Μανουὴλ ὅ Χρυσόλωρας
), one of the most learned Greeks of his time, contributed to the revival of Greek literature in western Europe.
Towards the close of the fourteenth century the Greek empire was in the greatest danger of being overthrown by sultan Bayazid II., who, however, was checked in his ambitious designs by Timur, and being taken prisoner by him, died in captivity.
Before this event, and probably in A. D. 1389, Manuel Chrysoloras was sent by the emperor Manuel Palaeologus to some European kings (among others to the English), at whose courts he remained several years, endeavouring to persuade them to undertake a crusade against the Turks. His efforts, however, were unsuccessful, for the western princes had no confidence in the Greek emperor, nor in his promises to effect the union of the Greek with the Latin church. Having become acquainted with several of the most learned Italians, he accepted their proposition to settle in Italy and to lecture on the Greek language and literature.
This he did with great success in Venice, Florence, Milan (1397), Pavia, and Rome: his most distinguished pupils were Leonardo Aretino, Leonardo Bruni, Poggio Bracciotini, Filelfo, Francisco Strozzi, and many more. His renown as a learned priest and eloquent orator were so great, that he was sent to the council of Constance, where he died a short time after his arrival, in the month of April, 1415.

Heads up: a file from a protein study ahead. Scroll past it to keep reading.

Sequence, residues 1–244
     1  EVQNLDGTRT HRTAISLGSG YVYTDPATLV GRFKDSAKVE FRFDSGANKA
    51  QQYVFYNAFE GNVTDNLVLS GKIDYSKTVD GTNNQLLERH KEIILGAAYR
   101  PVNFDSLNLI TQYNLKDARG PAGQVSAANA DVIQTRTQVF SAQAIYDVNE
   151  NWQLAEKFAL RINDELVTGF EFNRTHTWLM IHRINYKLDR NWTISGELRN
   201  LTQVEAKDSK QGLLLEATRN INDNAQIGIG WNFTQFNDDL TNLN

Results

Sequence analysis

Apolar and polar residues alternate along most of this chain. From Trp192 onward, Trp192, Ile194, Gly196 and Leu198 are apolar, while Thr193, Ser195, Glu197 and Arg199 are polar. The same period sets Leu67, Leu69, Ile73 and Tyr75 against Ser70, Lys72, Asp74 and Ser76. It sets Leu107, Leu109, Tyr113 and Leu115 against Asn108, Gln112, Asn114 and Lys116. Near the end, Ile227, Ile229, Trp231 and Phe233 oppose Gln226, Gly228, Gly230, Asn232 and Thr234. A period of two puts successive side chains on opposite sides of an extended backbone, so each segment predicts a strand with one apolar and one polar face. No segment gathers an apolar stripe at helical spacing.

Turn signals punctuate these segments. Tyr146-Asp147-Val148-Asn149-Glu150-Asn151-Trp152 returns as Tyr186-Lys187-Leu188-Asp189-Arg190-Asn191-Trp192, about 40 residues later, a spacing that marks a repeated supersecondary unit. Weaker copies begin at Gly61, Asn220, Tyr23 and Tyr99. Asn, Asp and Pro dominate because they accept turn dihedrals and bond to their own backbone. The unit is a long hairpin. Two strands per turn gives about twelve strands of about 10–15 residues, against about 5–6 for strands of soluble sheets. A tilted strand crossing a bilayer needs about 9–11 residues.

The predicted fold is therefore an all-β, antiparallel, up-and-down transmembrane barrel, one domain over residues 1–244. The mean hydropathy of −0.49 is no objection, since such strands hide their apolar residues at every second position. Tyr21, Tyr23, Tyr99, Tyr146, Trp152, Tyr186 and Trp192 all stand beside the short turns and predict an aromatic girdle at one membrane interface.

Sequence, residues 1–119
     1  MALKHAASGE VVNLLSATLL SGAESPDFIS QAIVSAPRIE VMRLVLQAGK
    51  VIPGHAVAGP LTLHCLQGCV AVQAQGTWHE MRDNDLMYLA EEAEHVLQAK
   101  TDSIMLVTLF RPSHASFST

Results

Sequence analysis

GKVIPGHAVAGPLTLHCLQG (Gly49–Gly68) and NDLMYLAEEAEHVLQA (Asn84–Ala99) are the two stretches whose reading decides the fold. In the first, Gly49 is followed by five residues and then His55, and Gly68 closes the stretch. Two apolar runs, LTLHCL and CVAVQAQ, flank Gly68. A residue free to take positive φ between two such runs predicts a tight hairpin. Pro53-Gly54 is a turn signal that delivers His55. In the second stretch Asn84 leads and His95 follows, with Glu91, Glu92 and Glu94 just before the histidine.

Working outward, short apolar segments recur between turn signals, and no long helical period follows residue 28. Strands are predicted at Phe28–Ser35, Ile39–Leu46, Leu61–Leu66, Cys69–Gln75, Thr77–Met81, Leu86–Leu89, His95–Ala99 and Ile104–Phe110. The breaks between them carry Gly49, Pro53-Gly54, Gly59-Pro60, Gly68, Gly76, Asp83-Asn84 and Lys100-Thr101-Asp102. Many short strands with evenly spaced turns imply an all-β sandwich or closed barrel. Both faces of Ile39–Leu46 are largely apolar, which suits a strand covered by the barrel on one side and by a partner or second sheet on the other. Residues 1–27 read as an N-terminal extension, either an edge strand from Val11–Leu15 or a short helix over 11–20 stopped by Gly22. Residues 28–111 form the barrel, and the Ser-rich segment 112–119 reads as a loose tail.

He was buried in the church of the Dominicans at Constance, and Aeneas Sylvius wrote his epitaph, which is given in the works cited below.
Manuel Chrysoloras was the author of several treatises on religious subjects, and a considerable number of letters on various topics, which are extaut in different libraries in Italy, France, Germany, and Sweden. Only two of his works have been printed, viz.,
These letters are elegantly written.
The first is rather prolix, and is addressed to the emperor John Palaeologus; the second to John Chrysoloras; and the third to Demetrius Chrysoloras. This John Chrysoloras, the contemporary of Manuel and Demetrius Chrysoloras, wrote some treatises and letters of little importance, several of which are extant in MS.
The Greek text with a Latin version by Petrus Lambecius, appended to " Codices de Antiquitatibus Constantinop." Paris, 1665, fol.
This is a grammar of the Greek language, and one of the first that circulated in Italy.
Printed probably for the first time in 1488
, and frequently reprinted at the latter end of that century and the beginning of the next.
Fabric. Bibl. Graec.
xi. p. 409, &c.